Since the beginning of May, investors have been tossing semiconductor stocks out the window. The Philadelphia Semiconductor Index has fallen by more than 20%, but some individual chip stocks have fallen much more sharply -- even those that appear to have great long-term prospects. Motley Fool Stock Advisor recommendation NVIDIA (NASDAQ:NVDA) has seen its shares plunge by more than 40% in just two-and-a-half months. To me, all this selling seems to provide a great buying opportunity.

NVIDIA makes graphics chips for computers, gaming consoles, and handheld devices. Delays in the Sony (NYSE:SNE) PlayStation 3, which will use NVIDIA graphics chips, and Microsoft's (NASDAQ:MSFT) Windows Vista operating system, which could drive consumer demand for new computers and components, have certainly contributed to the slide in the shares. To that list, we may as well add concerns about consumers' weakening spending, as well as a worrying buildup of inventory and accounts receivable during the first quarter of this year. While each of these issues is relevant over the short term, now that the share price has fallen so much, I think investors would be wiser to focus on the long-term outlook.

We know that both the PS3 and Windows Vista will eventually be launched, and both should benefit NVIDIA. Vista, for example, includes lots of neat video enhancements that even many one-year-old PCs won't be able to handle -- unless the owner spends a few bucks to plug in a new graphics card.

Furthermore, NVIDIA is pursuing the mobile market with some success. For example, Motorola's (NYSE:MOT) RAZR phone uses an NVIDIA chip. While growth in cell-phone sales is slowing (roughly a billion should be sold this year), growth in video-enabled cell phones (and video-enabled mobile devices in general) has a long way to go. There's plenty of competition in the mobile device market, including companies like ATI Technologies (NASDAQ:ATYT), Broadcom (NASDAQ:BRCM), and Texas Instruments (NYSE:TXN), but with a billion cell phone sales per year, there is room for multiple players.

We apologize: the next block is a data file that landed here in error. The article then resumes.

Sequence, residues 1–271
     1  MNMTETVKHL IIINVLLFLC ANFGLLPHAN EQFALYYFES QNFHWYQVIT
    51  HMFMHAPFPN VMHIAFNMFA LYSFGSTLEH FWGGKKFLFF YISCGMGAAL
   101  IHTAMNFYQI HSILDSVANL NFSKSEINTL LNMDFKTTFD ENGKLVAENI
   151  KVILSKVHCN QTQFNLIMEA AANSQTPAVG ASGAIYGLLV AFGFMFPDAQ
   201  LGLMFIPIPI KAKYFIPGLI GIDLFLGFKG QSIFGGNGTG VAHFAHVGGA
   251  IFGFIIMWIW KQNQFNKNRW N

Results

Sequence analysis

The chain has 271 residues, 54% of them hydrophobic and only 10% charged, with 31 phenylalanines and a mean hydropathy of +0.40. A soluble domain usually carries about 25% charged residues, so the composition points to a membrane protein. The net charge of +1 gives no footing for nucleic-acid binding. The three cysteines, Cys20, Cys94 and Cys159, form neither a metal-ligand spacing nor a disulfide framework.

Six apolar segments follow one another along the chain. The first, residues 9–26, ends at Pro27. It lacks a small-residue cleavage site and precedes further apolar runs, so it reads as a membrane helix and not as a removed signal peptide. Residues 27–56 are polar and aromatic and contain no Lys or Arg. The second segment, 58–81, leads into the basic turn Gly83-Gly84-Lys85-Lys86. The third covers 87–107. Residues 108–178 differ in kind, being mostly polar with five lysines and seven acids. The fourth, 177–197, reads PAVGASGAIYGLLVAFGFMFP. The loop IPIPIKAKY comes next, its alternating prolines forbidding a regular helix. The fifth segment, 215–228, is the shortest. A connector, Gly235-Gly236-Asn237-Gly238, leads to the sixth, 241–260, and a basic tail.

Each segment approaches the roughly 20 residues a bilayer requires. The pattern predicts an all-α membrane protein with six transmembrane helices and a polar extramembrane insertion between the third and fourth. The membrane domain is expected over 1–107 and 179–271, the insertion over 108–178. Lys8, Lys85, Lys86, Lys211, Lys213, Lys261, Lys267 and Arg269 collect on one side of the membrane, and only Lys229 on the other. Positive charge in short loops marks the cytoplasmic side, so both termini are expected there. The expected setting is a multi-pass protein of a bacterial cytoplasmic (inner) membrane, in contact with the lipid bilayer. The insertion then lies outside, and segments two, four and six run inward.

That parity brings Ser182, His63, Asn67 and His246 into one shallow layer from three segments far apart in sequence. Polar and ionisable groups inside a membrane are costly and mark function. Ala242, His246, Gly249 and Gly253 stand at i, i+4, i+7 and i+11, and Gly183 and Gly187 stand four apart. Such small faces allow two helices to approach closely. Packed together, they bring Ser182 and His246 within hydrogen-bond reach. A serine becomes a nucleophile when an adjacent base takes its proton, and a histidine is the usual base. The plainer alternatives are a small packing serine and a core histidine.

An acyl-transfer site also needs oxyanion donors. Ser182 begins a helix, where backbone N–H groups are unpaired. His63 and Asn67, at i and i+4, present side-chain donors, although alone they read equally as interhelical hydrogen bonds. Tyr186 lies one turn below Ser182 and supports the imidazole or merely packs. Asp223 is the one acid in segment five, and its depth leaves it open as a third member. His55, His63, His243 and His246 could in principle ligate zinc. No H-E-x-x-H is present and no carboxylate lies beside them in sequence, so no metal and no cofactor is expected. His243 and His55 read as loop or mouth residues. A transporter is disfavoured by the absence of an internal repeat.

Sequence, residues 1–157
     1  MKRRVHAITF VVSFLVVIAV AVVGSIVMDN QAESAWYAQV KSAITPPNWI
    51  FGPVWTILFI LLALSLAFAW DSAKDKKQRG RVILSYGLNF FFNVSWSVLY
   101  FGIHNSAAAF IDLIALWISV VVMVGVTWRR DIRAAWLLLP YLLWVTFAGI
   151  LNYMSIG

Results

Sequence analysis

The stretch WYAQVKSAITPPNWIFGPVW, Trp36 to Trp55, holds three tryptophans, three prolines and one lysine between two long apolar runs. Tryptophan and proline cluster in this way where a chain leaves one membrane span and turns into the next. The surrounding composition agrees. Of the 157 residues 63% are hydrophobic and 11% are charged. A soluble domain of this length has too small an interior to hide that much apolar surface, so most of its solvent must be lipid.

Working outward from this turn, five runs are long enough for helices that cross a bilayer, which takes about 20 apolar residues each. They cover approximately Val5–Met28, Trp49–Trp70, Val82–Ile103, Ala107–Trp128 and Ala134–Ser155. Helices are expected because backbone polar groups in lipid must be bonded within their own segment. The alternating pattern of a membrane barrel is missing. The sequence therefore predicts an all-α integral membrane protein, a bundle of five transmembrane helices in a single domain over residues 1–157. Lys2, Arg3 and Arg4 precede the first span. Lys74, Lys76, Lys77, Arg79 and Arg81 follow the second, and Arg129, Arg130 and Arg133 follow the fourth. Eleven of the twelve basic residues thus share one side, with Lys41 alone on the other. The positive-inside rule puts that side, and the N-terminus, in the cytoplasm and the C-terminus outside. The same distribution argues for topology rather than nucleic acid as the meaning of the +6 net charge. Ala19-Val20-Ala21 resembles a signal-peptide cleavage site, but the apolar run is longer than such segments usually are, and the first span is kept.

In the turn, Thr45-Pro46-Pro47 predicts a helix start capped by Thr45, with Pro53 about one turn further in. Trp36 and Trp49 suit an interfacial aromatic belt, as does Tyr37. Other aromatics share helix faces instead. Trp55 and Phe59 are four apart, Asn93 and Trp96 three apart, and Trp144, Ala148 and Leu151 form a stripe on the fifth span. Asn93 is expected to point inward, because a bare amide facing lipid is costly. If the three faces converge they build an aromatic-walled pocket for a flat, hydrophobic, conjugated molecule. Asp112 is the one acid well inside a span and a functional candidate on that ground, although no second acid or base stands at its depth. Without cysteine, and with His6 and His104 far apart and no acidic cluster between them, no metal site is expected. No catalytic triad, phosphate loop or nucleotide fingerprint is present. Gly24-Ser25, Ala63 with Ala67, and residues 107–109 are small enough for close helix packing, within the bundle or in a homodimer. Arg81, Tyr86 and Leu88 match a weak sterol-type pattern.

Another growth driver is high-definition video. Both the HD-DVD and Blu-ray flavors of high-def home video will drive video processing requirements to new heights. This means that if you want to watch a high-definition video on your computer, or on a television connected to a Media Center PC, you'll need a much more powerful video card compared to that required for an ordinary DVD. A measure of NVIDIA's competitiveness in this market was evident during the last quarterly conference call, when management stated that it has, to its knowledge, won every significant OEM design for HD-DVD and Blu-ray.

I can't claim to know what the share price will do over the short term, but I think that the long-term outlook still looks very promising, even though the price is a heck of a lot lower now. I also know that this company has nearly $1 billion in cash on the balance sheet with no debt, which means that it has the financial strength to withstand a downturn. Investors seeking to take advantage of the recent semiconductor malaise may want to consider NVIDIA.

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Microsoft is a Motley Fool Inside Value recommendation, while NVIDIA is a Motley Fool Stock Advisor pick. Whatever your investing style, the Fool has a newsletter for you.

Fool contributor Dan Bloom has no financial interest in any stock mentioned in this article.